NASA has just revamped the storage environment at the NASA Advanced Supercomputing (NAS) facility at Ames Research Center in Mountain View, Calif. This revamp consists of a new 450 TB storage network working in tandem with the massive Columbia supercomputer, which runs on Intel Itanium 2 and Linux.
“All of the storage is within one big SAN fabric,” said Bob Ciotti, Terascale Systems Lead at NASA. “We now have 200 TB of data on Fibre Channel and 250 TB on SATA.”
The various system elements include:
- 2 Silkworm switches from Brocade Communications, each with 128 ports
- Disk drives from Engenio Information Technologies
- Memory technology from Dataram Corporation and Micron Technology.
- An InfiniBank 288-port switch from Voltaire
- The 10,240-processor Columbia supercomputer built from 20 Silicon Graphics Inc. (SGI) Altix systems, each powered by 512 Intel Itanium 2 processors. Columbia
- A 450 TB SGI InfiniteStorage SAN
- A further 800 terabytes of existing data managed by Data Migration Facility, SGI’s InfiniteStorage data lifecycle management solution. This consists of a storage server and a tape farm composed of StorageTek tape silos
- CXFS shared file system from SGI as the software layer that sits on top of the two operating systems running – IRIX (a UNIX variant) and Linux.
“The shared file system handles the access of meta data through a proxy system so it is possible to read and write to FC storage directly,” said Ciotti.
Why Itanium 2 and Linux?
Why base the platform on Intel Itanium 2 processors and Linux rather than traditional RISC chips and UNIX? According to Ciotti, Itanium 2 has now reached the point where it can compete well with RISC.
“We get high bandwidth off out Itanium 2 chips,” he said. “It also has a large cache that suits our applications.”
Itanium 2 is based on the EPIC (explicitly parallel instruction computing) architecture. These chips come with Level 1 cache of 32KB, 256KB L2 cache, up to 9 MB L3 cache and clock speeds between 1.3 and 1.6 GHz. They are based upon the Intel E8870 chipset, system buses are either 400 or 533 MHz, and I/O bandwidth is 6.4 GB/sec.
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The operating system for Columbia is Red Hat Linux 2.4. Previously, NASA has been used IRIX for supercomputing on SGI Origin servers. It moved to Red Hat when SGI brought out its more powerful Altix server line that runs on Linux. SGI are now shifting to SUSE Linux and NASA will follow suit.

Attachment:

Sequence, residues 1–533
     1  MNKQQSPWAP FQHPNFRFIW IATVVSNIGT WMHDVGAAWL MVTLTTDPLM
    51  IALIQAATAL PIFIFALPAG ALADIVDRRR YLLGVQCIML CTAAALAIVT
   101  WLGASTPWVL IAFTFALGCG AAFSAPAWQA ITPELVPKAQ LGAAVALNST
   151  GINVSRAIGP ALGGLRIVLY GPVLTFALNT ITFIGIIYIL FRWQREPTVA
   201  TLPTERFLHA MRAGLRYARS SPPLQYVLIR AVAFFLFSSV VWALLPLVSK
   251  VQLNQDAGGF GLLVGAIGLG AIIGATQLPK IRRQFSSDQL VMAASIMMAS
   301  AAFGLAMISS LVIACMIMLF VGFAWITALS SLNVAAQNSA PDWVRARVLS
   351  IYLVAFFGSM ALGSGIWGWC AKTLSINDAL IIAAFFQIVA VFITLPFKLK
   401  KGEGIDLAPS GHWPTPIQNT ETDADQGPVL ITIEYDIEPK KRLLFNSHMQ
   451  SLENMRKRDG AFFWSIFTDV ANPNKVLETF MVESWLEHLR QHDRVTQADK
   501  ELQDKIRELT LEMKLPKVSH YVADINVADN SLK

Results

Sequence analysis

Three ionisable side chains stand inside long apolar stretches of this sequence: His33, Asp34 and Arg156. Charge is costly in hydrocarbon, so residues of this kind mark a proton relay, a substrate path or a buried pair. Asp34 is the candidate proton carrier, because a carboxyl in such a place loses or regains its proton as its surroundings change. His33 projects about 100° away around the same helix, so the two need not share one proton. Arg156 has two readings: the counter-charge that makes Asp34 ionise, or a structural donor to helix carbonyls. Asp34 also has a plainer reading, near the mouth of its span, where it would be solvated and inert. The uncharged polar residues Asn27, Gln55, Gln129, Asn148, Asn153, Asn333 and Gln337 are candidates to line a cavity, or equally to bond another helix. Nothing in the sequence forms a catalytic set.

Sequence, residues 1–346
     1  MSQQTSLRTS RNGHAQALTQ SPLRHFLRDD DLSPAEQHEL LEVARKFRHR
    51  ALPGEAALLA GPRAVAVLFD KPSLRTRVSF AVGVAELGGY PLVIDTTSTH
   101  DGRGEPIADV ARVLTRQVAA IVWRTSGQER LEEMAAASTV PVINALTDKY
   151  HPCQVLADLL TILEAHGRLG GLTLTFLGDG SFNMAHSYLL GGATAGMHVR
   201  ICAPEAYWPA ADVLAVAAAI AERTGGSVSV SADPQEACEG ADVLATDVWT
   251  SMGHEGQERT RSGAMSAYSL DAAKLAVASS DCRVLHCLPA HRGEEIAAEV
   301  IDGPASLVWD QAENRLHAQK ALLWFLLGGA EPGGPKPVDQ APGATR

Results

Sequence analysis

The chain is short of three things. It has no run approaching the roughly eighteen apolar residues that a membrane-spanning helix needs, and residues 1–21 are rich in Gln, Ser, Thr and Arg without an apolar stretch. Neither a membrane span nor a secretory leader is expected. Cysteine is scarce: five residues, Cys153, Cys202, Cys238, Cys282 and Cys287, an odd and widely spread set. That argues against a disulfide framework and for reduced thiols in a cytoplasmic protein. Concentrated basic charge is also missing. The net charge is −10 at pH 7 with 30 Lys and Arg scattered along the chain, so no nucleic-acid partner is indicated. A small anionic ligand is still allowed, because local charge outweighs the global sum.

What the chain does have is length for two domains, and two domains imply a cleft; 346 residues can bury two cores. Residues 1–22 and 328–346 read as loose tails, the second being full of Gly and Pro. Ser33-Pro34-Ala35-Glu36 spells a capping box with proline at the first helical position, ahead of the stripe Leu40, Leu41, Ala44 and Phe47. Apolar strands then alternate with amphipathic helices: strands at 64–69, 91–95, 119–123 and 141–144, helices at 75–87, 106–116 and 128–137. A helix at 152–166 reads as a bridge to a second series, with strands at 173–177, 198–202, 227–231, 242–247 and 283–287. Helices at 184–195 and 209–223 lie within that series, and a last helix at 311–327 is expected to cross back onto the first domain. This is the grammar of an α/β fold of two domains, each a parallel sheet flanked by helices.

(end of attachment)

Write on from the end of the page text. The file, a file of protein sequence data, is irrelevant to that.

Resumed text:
“Linux doesn’t yet have all the features of IRIX quite yet but it is getting there rapidly,” said Ciotti. “Linux is maturing more rapidly than IRIX.”
A total of 20 SGI Altix servers make up Columbia. NASA’s supercomputer includes eight of the latest Altix models. This is known as the Altix 3700 Bx2. This version doubles the processor density and available bandwidth. As well as Linux and Itanium 2, it has 9 MB cache, 64 processors per rack, and scales to 256 processors in a single system image (SSI).
“Such a large SSI creates really good environment for code development,” said Walt Brooks, division chief, advanced supercomputing division, NASA. It offers low latency and is user friendly.”
SGI NUMAlink 4 interconnect technology has been introduced to Altix produces 6.4GB/sec. Altix also uses a shared memory architecture called NUMAflex that overcomes bottlenecks. All nodes operate on one large shared memory space that eliminates data passing between nodes. Big data sets can fit entirely in memory and less memory per node is required.
Another feature of the storage environment is enhanced system cooling. The eight Altix 3700 Bx2’s have double the density of previous models posing worries about overheating.
“As we were stretching the limits of cooling, the server doors are specially designed to have cool air fed through them,” said Brooks. “Chilled water is brought in and coupled into radiator loops within the door to keep them cool.”
Columbia recently smoked the competition in recent LinPack benchmark tests. It achieved 42.7 trillion calculations per second, making it the fastest in the world at the time.
“The science that already has been produced has been extraordinary,” said Brooks. “Instead of scientists queuing up for supercomputing resources, we now have the enough capacity for everybody.”
He gives an example of simulations showing a decade’s worth of changes in ocean temperatures and sea levels that used to take a year to model. But using the modernized storage environment, scientists can now simulate this in a day or two.